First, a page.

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The Solaris Book of New Science Fiction,…

The Solaris Book of New Science Fiction, Vol. 1

by George Mann (Editor)

Other authors: See the other authors section.

Series: The Solaris Book of New Science Fiction (1)

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181565,444 (3.52)4



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Showing 5 of 5
Several years ago, I read and enjoyed volume three of this series, so looping back to the beginning seemed warranted, although "new science fiction" hardly applies at this point. It's a decent anthology, though not as good as remember that later one being. Unfortunately, it doesn't start strong, as I found Jeffrey Thomas's "In His Sights" pretty difficult to get into, with lengthy exposition dumps starting right on the first page, but it eventually picked up for me with a fun time travel story in Peter F. Hamilton's "If At First..." and Stephen Baxter's apocalyptic "Last Contact."

"Cages" by Ian Watson, about aliens who introduce disabilities to the human race, was fascinating even if I didn't understand it and Mary A. Turzillo's "Zora and the Land Ethic Nomads" was a great, personal-level story set on Mars. Those four are seemingly it for strong stories, alas, though there are number of decent ones. Many of the middling ones run afoul of that old nemesis of science fiction: the writer who has an idea, but not a story. I wanted to love "The Bowlder Strain" by James Lovegrove (about a virus that removes your ability to swear) and "Personal Jesus" by Paul Di Filippo (about aliens who give everyone on Earth an iPod that lets them talk to God), but both had these amazing concepts wedded to insubstantial stories.

Special excoriation must be reserved for Mike Resnick & David Gerrold's "Jellyfish," about a Philip K. Dick/Kurt Vonnegut pastiche cleverly named "Dillon K. Filk" who... listen, I don't even know. It's the worst sort of metafiction: lazy, in-jokey, and knowing. I rarely hate stories as much as I hated this, but this was really a complete waste of every one of the 38 pages it was printed on. After ten pages have been wasted on basically nothing, then you get more and more expys of famous authors: "E. A. van der Vogel" (ugh), "Belevedere Atheling" (double ugh), "Robert Goldenboy" (really? are you even trying?), and then a whole page that just lists these I-am-sure-they-are-so-hilarious-to-Resnick-and-Gerrold-and-their-friends parody names of writer after writer after writer, culminating with "whatsisname, that sissy little creep who sold that stupid script to Star Truck while still in college, stealing the opportunity from a real science fiction writer." As if David Gerrold ever crossed the radar of Dick or Vonnegut; dream on, fanboy. It was at this point that I swore violently and went on to the next story, because life is too short. This story and Brian Aldiss's contribution ("The Four Ladies of the Apocalypse") make me think Mann was willing to take any old shit from famous writers to bolster his book.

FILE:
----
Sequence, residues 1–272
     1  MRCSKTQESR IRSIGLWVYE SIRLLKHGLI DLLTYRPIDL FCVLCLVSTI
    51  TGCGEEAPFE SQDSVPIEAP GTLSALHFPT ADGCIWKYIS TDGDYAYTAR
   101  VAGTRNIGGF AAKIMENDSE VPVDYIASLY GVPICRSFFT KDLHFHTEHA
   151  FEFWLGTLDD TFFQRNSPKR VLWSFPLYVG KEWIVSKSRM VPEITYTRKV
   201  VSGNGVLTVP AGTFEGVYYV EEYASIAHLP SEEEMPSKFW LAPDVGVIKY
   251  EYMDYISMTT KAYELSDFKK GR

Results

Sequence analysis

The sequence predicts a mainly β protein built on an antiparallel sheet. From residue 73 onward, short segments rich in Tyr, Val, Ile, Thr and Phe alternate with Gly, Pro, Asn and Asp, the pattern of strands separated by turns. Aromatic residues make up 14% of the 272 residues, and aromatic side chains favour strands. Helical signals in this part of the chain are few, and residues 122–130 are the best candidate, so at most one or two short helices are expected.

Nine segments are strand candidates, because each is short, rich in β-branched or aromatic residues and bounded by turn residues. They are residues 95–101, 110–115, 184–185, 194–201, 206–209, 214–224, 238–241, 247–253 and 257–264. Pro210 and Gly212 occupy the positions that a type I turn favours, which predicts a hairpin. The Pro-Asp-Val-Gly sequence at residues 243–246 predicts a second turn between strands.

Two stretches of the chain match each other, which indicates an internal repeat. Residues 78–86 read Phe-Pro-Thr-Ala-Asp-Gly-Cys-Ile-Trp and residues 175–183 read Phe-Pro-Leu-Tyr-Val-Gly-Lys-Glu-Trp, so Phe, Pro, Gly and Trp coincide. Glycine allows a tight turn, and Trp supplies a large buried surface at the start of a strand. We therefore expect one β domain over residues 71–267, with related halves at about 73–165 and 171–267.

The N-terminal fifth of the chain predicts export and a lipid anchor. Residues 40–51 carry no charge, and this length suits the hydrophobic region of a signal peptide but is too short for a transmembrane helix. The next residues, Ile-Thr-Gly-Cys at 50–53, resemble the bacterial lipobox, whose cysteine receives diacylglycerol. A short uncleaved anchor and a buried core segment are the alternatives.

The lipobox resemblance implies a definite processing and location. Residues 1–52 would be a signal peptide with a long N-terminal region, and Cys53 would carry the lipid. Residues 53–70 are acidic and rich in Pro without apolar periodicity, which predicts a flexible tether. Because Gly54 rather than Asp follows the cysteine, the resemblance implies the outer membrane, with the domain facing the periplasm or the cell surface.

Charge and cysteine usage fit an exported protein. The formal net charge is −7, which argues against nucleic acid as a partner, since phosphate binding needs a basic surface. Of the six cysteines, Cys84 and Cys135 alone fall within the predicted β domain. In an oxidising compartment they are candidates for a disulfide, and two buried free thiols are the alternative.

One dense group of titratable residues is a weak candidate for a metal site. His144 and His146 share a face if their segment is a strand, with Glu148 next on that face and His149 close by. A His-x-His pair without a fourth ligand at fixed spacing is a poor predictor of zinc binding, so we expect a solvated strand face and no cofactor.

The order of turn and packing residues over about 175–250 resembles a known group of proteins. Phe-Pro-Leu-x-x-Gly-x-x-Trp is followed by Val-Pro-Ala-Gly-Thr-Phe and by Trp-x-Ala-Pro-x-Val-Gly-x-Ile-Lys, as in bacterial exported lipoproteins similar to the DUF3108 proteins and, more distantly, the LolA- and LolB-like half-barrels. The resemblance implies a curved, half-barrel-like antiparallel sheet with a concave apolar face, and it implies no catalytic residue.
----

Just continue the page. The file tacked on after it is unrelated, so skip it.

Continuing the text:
Wow, I wasted a lot of words on it, but I seriously hated that story, and it remains my strongest emotional reaction to the book. Thankfully, I know the series will do better work later on.